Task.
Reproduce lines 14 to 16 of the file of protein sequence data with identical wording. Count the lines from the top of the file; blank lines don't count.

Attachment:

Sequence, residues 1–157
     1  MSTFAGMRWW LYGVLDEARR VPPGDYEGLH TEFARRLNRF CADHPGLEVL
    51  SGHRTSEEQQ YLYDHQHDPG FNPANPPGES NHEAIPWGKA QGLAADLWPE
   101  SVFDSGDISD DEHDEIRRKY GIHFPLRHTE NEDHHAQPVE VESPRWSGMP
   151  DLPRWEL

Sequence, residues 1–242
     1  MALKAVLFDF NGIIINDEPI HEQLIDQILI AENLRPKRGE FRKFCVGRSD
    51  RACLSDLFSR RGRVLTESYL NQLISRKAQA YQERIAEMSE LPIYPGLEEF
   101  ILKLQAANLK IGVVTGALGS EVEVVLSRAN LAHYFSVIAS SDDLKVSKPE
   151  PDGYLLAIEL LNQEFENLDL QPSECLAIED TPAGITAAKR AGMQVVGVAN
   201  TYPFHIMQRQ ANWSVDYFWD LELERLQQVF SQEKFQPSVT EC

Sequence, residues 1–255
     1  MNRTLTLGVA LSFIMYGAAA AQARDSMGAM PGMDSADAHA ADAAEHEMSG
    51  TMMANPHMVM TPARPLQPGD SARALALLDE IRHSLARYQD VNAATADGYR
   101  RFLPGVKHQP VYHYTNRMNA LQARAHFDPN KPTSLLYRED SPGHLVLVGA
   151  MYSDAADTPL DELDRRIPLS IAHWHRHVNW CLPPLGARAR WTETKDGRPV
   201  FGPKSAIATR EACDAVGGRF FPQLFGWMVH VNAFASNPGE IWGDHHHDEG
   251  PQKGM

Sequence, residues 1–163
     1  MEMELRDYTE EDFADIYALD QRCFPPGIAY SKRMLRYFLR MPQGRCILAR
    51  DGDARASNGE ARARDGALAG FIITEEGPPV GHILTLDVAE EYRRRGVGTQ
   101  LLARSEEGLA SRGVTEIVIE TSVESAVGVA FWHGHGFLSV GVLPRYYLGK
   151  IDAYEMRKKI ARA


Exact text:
    51  TMMANPHMVM TPARPLQPGD SARALALLDE IRHSLARYQD VNAATADGYR
   101  RFLPGVKHQP VYHYTNRMNA LQARAHFDPN KPTSLLYRED SPGHLVLVGA
   151  MYSDAADTPL DELDRRIPLS IAHWHRHVNW CLPPLGARAR WTETKDGRPV